Saturday, May 12, 2007

Tribe to Honor Larry Doby

It's time for Major League Baseball to open up their eyes.

On April 15th, Major League Baseball honored the great Jackie Robinson on the 60th anniversary of his breaking the color barrier. ESPN had a commercial during nearly every break announcing Jackie Robinson Day. Players from nearly every team were allowed to wear the #42 in his honor, even though it had been retired league-wide. The Los Angeles Dodgers ALL wore #42.

Unfortunately for MLB, that's where the honors end.

60 years ago, on July 5, 1947, Larry Doby broke the American League color barrier. The problem? Nobody knows a thing about it.

The Indians will take a step to educate the baseball world when they pay tribute to Doby on Friday, August 10 against the New York Yankees. Major League Baseball, in typical Bud Selig fashion, took over a month to okay a proposal by the Indians to allow the entire team to wear his retired #14 during the game. More than likely, his staff had to look up who Doby actually was.

I want to preface the rest of this by saying that what Jackie Robinson did IS something that should be celebrated. Being the first black baseball player in the modern era, combined with the numbers that Robinson put up, certainly make him worthy of the honors bestowed upon him.

Doby deserves the same consideration. When Branch Rickey signed Robinson in 1945, and brought him up to the bigs in 1947, he had planned for the event for many years. Rickey had a plan in place to not only make it easier for Robinson to be successful, but easier for him to avoid certain racial issues that could have come before him. No, I'm not saying that the path was easy for Robinson. That's ridiculous. I am saying that Rickey was shrewd enough, and racial sensitive enough, to make sure that Robinson succeeded not only as a player, but as a person.

Doby didn't have the benefit of that preparation. Bill Veeck signed him on July 3, 1947, sat him down one day and told him not to react to fans and to umpires. Don't do anything physical in retaliation unless it involves hitting a baseball. That was it. He played two days later. Jackie Robinson had been hand-picked years before, signing with the Dodgers in October 1945, and played in the Dodgers minor league system OUTSIDE of the United States, in Montreal. After 1947, Robinson received ALL of the media attention, while Doby took the brunt of the same racial attacks, without ANY of the support or media attention that Robinson received. Doby was straight out of the Negro Leagues, and five years younger than Jackie Robinson. Two guys seemingly in Doby's corner were manager Lou Boudreau and second baseman Joe Gordan:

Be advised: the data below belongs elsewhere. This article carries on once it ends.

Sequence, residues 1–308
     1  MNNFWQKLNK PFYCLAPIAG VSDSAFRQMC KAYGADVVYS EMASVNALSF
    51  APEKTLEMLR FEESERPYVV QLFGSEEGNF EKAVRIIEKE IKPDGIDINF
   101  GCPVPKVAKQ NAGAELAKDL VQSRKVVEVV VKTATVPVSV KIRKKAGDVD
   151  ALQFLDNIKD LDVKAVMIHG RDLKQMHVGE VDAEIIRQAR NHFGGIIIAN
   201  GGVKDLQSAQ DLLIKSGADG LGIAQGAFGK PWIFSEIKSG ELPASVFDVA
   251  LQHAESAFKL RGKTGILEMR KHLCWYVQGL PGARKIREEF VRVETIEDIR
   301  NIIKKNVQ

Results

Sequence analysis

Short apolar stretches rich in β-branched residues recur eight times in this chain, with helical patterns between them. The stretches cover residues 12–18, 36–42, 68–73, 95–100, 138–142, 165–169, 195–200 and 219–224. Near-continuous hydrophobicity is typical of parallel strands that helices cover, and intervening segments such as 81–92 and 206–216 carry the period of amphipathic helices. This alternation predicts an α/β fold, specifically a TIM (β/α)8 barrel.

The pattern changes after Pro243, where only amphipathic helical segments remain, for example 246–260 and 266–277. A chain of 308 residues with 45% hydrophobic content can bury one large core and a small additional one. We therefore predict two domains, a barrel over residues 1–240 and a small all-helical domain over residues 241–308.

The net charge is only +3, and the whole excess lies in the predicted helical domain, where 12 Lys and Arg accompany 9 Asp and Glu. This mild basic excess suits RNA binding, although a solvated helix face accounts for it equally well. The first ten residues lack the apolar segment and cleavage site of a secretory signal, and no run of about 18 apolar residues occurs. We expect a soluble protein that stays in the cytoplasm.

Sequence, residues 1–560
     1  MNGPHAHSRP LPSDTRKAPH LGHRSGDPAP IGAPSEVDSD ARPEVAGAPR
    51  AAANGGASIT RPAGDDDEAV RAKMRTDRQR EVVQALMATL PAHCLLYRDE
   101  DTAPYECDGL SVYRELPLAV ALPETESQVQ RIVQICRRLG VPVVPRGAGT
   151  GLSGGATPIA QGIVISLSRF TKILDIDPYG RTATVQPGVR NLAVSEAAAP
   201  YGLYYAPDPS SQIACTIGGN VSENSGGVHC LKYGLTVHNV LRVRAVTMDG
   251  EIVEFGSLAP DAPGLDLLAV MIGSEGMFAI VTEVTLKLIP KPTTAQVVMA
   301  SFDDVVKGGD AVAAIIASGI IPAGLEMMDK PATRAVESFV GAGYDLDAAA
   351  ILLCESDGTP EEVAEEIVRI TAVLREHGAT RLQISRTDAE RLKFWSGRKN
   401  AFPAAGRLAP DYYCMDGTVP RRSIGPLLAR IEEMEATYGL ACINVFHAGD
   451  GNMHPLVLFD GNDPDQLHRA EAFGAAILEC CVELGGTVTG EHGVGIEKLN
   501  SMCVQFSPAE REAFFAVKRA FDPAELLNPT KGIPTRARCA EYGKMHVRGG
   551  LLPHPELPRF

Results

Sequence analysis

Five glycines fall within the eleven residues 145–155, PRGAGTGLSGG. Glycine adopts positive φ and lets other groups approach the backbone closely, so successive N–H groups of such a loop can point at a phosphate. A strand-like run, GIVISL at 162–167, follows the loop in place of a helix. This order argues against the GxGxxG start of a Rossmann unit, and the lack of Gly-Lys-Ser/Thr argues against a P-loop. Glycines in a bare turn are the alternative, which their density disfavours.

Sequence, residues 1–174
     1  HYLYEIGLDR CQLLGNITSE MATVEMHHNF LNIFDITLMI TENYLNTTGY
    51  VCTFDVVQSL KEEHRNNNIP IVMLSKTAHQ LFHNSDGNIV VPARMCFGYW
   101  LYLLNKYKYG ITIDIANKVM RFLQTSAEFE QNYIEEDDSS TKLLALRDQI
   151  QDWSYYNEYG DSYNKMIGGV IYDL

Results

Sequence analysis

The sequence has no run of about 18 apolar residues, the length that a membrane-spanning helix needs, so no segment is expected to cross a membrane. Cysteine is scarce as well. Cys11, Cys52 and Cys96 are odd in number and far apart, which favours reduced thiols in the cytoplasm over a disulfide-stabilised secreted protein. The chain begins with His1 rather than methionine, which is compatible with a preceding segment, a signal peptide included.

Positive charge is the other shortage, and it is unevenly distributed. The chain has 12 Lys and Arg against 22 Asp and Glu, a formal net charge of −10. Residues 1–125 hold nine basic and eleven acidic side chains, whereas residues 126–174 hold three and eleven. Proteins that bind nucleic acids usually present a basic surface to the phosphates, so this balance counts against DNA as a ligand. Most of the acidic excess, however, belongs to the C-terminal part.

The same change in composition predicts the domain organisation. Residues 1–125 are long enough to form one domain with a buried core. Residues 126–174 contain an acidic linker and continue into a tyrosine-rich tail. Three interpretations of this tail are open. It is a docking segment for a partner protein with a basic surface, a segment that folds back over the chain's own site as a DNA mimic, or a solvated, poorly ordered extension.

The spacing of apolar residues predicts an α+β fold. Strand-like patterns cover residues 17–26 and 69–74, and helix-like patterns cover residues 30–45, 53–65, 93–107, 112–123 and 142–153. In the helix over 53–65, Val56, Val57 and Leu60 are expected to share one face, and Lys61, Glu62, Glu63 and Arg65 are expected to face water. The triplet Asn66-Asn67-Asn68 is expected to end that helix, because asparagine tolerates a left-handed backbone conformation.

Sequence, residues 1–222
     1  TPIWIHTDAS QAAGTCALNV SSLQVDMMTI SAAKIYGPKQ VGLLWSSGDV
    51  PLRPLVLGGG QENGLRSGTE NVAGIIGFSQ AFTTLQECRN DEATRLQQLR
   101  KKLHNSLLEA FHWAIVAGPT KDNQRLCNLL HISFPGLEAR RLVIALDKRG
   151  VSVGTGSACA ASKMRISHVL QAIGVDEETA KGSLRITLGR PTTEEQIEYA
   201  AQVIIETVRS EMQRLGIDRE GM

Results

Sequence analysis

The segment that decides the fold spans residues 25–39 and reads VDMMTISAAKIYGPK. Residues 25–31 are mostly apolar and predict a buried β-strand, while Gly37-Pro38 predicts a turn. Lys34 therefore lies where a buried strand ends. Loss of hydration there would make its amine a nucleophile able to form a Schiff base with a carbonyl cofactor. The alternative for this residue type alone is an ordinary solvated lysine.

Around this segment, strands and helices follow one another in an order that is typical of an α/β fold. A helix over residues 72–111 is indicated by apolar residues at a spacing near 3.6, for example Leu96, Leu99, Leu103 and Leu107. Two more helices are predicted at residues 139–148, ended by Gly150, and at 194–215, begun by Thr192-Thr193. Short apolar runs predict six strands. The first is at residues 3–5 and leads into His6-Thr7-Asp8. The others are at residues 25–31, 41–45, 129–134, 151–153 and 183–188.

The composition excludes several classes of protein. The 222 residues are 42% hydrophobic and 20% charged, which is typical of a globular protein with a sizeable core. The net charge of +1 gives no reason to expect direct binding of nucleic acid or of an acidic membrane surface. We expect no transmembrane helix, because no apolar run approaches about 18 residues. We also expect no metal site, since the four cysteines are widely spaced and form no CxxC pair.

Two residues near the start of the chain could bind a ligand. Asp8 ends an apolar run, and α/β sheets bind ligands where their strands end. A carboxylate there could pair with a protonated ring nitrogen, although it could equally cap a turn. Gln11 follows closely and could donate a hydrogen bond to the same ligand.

"Now, I couldn't believe how this (cold treatment from the Indians team during his first year) was. I put on my uniform and I went out on the field to warm up, but nobody wanted to warm up with me. I had never been so alone in my life. I stood there alone in front of the dugout for five minutes. Then Joe Gordon, the second baseman who would become my friend, came up to me and asked, 'Hey, rookie, you gonna just stand there or do you want to throw a little?' I will never forget that man."

Rickey made sure to align Robinson with the rest of the organization. Red Barber, the famed announcer for the Dodgers was told early on, and nearly quit, until he saw him play. Rickey made sure all the minor league managers and major league coaches saw him play, to see how talented he was. Coaches and managers aren't stupid. If a kid can play, they aren't going to care about his color. Robinson was a superstar at UCLA. During his days in the minors, Rickey even went so far as to help train Robinson in how to deal with potential racial issues.

Doby had 2 days.

How did Doby respond? He became the first black ballplayer (along with Satchell Paige) to become a world champion, one year after becoming a pro, and his first pro season. He hit a key home run that gave the Indians a 2-1 victory, and a 3-1 series lead (the first black player to hit a home run in a world series game). He went to the all-star game 7 times, joining Robinson and Newcombe as the first black ballplayers in the all-star game. He led the league in home runs twice, with 32 in 1952 (first time a black player led the Majors) and 1954. In 1952, Doby led the league in runs scored with 104, and during the 1954 season he led the league with 126 RBI (first time a black player led the AL). In 1950, he led the league in OBP, and in 1952, he led the league in slugging. Much like Robinson, the New York Yankees blocked the Indians from world series acclaim, finishing second to the Yankees four times.

Doby retired in 1959. He should have been a first year ballot hall of famer. Instead, he didn't have to wait 10 years, or 15, or even 20. Doby had to wait 39 years, as he was inducted in 1998. Robinson was inducted in 1962, as a first ballot hall of famer.

Irony would continue for Doby in 1978, when he became the 2nd black manager for the Chicago White Sox.

Doby may have been the 2nd black player in the major leagues, but it's time that he be given the credit he's due. No, he wasn't Jackie Robinson. All the acclaim that went to Robinson is certainly deserved. But being Larry Doby should be given it's due.

It's time for Major League Baseball to recognize BOTH Robinson and Doby.

Let's hope August 10th is a step in that direction.

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